class DAC – digital to analog conversion¶
The DAC is used to output analog values (a specific voltage) on pin X5 or pin X6. The voltage will be between 0 and 3.3V.
This module will undergo changes to the API.
from pyb import DAC dac = DAC(1) # create DAC 1 on pin X5 dac.write(128) # write a value to the DAC (makes X5 1.65V)
To output a continuous sine-wave:
import math from pyb import DAC # create a buffer containing a sine-wave buf = bytearray(100) for i in range(len(buf)): buf[i] = 128 + int(127 \* math.sin(2 \* math.pi \* i / len(buf))) # output the sine-wave at 400Hz dac = DAC(1) dac.write_timed(buf, 400 \* len(buf), mode=DAC.CIRCULAR)
Construct a new DAC object.
portcan be a pin object, or an integer (1 or 2). DAC(1) is on pin X5 and DAC(2) is on pin X6.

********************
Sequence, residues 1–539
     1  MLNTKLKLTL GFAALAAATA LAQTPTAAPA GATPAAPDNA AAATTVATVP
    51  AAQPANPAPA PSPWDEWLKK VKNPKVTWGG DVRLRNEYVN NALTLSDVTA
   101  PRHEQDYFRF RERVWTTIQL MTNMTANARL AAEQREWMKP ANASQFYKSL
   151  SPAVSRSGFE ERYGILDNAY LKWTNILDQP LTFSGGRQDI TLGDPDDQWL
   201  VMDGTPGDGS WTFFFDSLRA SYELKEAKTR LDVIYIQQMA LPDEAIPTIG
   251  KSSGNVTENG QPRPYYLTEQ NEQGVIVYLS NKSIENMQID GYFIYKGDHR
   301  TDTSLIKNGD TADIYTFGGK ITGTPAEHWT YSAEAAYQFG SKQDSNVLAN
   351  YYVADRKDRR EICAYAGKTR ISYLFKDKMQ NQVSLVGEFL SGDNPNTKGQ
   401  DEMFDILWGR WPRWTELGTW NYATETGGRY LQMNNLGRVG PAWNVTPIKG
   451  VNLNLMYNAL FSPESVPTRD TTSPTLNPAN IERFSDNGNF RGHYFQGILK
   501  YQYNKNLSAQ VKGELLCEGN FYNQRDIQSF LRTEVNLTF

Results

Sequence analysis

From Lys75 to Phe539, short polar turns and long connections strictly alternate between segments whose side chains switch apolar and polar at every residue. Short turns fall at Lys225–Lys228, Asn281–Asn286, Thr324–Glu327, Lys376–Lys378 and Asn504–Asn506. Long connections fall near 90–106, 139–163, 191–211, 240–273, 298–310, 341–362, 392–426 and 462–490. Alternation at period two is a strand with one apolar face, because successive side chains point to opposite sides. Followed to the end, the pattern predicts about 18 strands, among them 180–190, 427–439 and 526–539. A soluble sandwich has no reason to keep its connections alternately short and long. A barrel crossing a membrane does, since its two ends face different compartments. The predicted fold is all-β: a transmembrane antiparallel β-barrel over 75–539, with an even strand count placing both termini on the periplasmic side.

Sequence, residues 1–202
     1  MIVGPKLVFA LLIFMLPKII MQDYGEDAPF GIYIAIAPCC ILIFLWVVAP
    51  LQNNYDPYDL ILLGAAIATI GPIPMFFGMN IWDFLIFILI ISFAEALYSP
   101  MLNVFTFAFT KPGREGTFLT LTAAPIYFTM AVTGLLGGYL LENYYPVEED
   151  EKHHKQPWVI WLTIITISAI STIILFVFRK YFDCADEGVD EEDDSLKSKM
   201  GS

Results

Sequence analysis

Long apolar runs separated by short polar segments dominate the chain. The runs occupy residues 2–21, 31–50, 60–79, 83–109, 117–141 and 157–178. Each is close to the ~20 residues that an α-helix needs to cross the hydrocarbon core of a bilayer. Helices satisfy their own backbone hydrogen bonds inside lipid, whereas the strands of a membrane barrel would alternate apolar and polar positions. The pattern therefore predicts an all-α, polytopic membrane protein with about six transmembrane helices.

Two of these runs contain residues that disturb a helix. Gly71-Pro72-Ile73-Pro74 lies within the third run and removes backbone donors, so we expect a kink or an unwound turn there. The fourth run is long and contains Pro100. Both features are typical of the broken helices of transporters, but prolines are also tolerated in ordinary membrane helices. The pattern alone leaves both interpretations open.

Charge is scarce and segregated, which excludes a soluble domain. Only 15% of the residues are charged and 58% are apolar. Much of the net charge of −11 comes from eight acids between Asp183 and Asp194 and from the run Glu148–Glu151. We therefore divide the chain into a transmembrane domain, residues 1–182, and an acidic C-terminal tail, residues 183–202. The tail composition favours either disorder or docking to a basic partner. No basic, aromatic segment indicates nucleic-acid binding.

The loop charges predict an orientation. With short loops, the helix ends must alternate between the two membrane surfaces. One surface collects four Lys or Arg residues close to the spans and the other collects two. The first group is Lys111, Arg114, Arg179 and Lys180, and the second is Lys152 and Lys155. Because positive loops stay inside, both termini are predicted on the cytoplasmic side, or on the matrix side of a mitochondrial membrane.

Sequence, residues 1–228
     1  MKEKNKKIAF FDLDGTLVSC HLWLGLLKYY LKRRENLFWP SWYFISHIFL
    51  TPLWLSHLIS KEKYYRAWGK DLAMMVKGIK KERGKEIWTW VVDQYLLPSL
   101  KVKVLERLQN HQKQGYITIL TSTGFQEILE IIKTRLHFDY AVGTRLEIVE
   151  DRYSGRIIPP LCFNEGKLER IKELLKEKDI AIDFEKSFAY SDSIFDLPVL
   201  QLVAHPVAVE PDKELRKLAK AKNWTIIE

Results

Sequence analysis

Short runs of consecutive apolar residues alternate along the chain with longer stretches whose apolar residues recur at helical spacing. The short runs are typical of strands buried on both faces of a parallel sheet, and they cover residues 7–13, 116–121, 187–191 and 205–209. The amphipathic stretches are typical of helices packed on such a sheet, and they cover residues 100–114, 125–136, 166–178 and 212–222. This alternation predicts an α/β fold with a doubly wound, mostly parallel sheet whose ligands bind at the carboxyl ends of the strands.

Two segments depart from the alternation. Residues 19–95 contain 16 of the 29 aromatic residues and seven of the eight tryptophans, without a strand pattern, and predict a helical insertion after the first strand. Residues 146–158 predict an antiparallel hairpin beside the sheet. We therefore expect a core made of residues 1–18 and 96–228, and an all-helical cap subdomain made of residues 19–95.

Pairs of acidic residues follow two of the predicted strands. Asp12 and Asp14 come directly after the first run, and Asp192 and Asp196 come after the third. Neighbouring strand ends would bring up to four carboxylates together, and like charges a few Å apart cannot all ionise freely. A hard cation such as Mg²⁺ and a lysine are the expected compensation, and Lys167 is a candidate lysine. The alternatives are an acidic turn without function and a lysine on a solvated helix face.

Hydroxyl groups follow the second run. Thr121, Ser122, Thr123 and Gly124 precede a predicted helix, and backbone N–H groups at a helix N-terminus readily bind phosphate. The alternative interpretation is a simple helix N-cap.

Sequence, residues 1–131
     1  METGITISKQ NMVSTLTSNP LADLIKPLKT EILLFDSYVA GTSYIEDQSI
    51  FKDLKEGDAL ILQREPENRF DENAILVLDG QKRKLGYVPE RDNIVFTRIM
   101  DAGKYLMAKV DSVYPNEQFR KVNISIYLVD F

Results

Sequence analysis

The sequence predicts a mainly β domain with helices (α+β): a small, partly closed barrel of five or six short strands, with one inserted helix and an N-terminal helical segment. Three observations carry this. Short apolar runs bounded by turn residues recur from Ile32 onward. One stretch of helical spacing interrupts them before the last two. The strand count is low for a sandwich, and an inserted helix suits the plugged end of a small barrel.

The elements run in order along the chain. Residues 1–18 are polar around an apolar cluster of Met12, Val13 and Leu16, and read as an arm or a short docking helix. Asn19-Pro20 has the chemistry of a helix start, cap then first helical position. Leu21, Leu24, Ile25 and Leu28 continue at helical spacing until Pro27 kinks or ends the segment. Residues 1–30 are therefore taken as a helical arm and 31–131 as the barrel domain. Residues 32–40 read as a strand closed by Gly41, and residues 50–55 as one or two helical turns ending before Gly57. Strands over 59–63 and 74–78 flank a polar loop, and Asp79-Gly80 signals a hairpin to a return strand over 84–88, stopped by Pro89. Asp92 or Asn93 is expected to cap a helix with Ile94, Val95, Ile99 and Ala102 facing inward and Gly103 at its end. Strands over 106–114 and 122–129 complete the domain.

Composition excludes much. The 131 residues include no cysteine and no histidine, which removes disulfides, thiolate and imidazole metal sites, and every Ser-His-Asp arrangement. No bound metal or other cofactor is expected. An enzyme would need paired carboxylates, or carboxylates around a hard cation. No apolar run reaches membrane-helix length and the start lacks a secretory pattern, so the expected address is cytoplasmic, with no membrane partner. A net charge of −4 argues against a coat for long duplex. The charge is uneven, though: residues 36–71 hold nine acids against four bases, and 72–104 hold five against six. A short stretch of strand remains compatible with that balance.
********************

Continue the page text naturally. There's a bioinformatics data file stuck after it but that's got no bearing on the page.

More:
Generate a pseudo-random noise signal. A new random sample is written to the DAC output at the given frequency.
Generate a triangle wave. The value on the DAC output changes at the given frequency, and the frequence of the repeating triangle wave itself is 2048 times smaller.
Direct access to the DAC output (8 bit only at the moment).
write_timed(data, freq, *, mode=DAC.NORMAL)¶
Initiates a burst of RAM to DAC using a DMA transfer. The input data is treated as an array of bytes (8 bit data).
freqcan be an integer specifying the frequency to write the DAC samples at, using Timer(6). Or it can be an already-initialised Timer object which is used to trigger the DAC sample. Valid timers are 2, 4, 5, 6, 7 and 8.
Example using both DACs at the same time:
dac1 = DAC(1) dac2 = DAC(2) dac1.write_timed(buf1, pyb.Timer(6, freq=100), mode=DAC.CIRCULAR) dac2.write_timed(buf2, pyb.Timer(7, freq=200), mode=DAC.CIRCULAR)